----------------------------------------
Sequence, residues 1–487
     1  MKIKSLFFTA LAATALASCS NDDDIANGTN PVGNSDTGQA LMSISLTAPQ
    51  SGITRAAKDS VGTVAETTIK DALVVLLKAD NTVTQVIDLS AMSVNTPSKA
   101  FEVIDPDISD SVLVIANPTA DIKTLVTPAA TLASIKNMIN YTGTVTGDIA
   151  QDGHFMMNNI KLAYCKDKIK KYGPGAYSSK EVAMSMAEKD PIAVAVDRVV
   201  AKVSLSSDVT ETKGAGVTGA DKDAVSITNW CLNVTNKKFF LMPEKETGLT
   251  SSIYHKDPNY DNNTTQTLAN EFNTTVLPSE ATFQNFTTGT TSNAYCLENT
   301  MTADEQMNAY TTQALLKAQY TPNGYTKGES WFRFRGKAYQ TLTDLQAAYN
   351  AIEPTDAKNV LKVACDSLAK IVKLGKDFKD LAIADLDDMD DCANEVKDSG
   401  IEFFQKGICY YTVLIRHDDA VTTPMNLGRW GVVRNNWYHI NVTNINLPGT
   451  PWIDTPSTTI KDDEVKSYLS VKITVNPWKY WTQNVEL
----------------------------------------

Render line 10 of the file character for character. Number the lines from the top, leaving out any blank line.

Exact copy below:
   401  IEFFQKGICY YTVLIRHDDA VTTPMNLGRW GVVRNNWYHI NVTNINLPGT